This week I’m spending a lot of time working on a speech I’ll give Tuesday—and practicing the delivery of it on my computer’s video cam.
Wince is too sweet of a word to describe what it’s like to watch it back. If, like me, you still want to believe folks who say you don’t look your age, I can’t recommend this approach.
Trust me, it has occurred to me that I might just be worried about the wrong things. It’s not about me, right?
Still, since I’m too distracted by revelations about my face to write a post, and since Sober Mercies releases in paperback this Tuesday, it seems a good time to run an excerpt that seems to relate.
Here it is:
“In typical, self-centered fashion, I had imagined that treatment would be all about me. I had pictured myself spending a lot of one-on-one time with the staff psychiatrist while he probed my psyche to solve the mystery of what drove someone as nice as me to drink myself blotto. Sure, I knew the other patients would be there, hovering in the background.
But in my mind, the camera was always focused on me, front and center.
It was nothing like that.
I quickly learned that rehab is nothing if not a group activity. It’s like one long experiment in the study of how people develop intimacy with strangers. Naturally, whether or not this is a good thing depends largely on who your fellow residents happen to be. These are the people who will see you with bed-head at six a.m. when you stumble half asleep down the hall to have your vitals taken. Who will learn your most shameful secrets. Who will see you exposed for what you are—a blubbering drunk in Banana Republic clothes.
Who won’t like you.
It was true. Right away, several of the residents decided I thought I was better than them. During dinner in the school-style cafeteria that first night, a lesbian and meth addict named Geneva mocked me for being so “put together.” She said I looked like one of the damn counselors. She was sure if I met her on the street, I wouldn’t give her the f*@*#ing time of day.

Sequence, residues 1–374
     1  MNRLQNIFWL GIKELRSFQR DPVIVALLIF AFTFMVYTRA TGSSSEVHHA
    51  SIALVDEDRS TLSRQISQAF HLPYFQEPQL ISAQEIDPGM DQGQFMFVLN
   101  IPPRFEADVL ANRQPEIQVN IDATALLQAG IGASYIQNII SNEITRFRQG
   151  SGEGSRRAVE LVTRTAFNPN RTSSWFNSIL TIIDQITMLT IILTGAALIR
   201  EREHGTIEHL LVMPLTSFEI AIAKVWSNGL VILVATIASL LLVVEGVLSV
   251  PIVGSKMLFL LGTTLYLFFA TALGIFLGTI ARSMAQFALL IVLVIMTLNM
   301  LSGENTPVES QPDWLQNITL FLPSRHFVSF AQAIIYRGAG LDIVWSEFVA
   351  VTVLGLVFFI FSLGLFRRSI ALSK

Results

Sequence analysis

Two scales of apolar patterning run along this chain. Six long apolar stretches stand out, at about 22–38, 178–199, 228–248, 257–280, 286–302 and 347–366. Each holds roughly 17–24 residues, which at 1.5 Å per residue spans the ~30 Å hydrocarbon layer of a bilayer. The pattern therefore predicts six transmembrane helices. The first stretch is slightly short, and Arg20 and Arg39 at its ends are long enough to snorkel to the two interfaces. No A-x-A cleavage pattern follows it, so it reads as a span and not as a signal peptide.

Others at the table nodded or snickered.
I had half-expected this—not quite fitting in. But I was taken aback by the open hostility. I went to my room and cried. What did these people want from me? Should I not put on makeup and blow-dry my hair? Should I wear only T-shirts? Forgive me for not knowing what a “tweaker” is! (It’s a methamphetamine addict.) I don’t think I’m better than any of them! I insisted to myself.
And yet, I did think I was different. I just wasn’t in the same category as these hard-core alcoholics and drug addicts. I’d never stolen anything. I’d never spent time in jail or on the street. I’d never woken up naked in Vegas, unsure how I got there and who was in bed with me.
That night, I phoned Dave and told him I’d met a drug-addicted lesbian named Geneva who hated me on sight. I told him I missed him. I missed Edmund (my dog). I missed being at home in our house on our wide, pretty street where no one ever looked at me funny, wore pajamas to dinner, or asked me what I was ‘in for.’
On the upside, before I came to treatment, I had envisioned myself here curled up in a corner, sweating profusely, delirious with pain, and perhaps suffering small seizures. But that never happened. Much to my relief, during those first couple days, I was given Valium to help me cope with the physical symptoms of withdrawal.
In the meantime, because I was new and detoxing, I was temporarily excused from most of the program activities. Since I didn’t have a roommate, this allowed me plenty of time to wallow in self-pity. In fact, I was so worried about being ostracized that I forgot to worry about not being able to drink.
At around eight on that first night, the irony hit me. Instead of climbing the walls with craving as I’d expected, I was alone in my room, calmly reading a book, desperately upset because a lesbian didn’t like me.
Obviously, I had worried about all the wrong things.”
P.S. Just so you know, Geneva turned into a great friend and I eventually realized I was exactly like all the other residents. :)